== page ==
Institutional Factors Influencing International Student Graduation Rates and Debt
Type of DegreePhD Dissertation
Education Foundation, Leadership, and Technology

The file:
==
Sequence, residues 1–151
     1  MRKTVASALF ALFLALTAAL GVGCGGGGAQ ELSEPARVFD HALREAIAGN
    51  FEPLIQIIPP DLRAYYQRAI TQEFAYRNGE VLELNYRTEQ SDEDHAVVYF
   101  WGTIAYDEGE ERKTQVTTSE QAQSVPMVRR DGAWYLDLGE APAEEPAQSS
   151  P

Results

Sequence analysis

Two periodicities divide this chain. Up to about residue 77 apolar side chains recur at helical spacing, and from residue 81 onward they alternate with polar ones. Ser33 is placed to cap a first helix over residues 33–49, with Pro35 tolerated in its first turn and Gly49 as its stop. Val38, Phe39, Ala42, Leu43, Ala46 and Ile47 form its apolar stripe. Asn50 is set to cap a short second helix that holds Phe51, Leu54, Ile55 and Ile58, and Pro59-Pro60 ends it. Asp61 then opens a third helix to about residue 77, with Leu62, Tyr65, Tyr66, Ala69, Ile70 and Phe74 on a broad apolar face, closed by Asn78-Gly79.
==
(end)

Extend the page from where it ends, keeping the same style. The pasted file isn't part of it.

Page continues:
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International students enrich the campus culture and help domestic students to grow cross-cultural competencies, and international students have also contributed a lot to the revenue of both the hosting institutions and the U.S. economy. Regretfully, there has been a dearth of studies on international students, particularly in the areas of international student graduation rates and international student loan debt. This study focused on exploring the relationship between the socio-cultural and structural institutional factors and international student graduation rates and loan debt. Data were extracted from the Integrated Postsecondary Education Data System (IPEDS). Included in the sample were 298 public-4-year higher learning institutions. The Stepwise procedures of Multiple Linear Regression analyses were conduction. It was found that the percentage of full-time students, Cost of Attendance (COA), the percentage of students receiving the Pell grants, the percentage of revenue invested in instruction and student services and the location of institutions were statistically related to the international student graduation rates. The percentage of full-time students, selectivity, the percentage of revenue invested in instruction and student services, the average tuition and fee difference between the low-income students and the average tuition and fees of all students, whether the institution being or not being a research institution, the location of the institution, and tuition dependence were statistically related to international student loan debts. The author has made some recommendations on improving international student graduation rates and reducing international student loan debt based on the findings.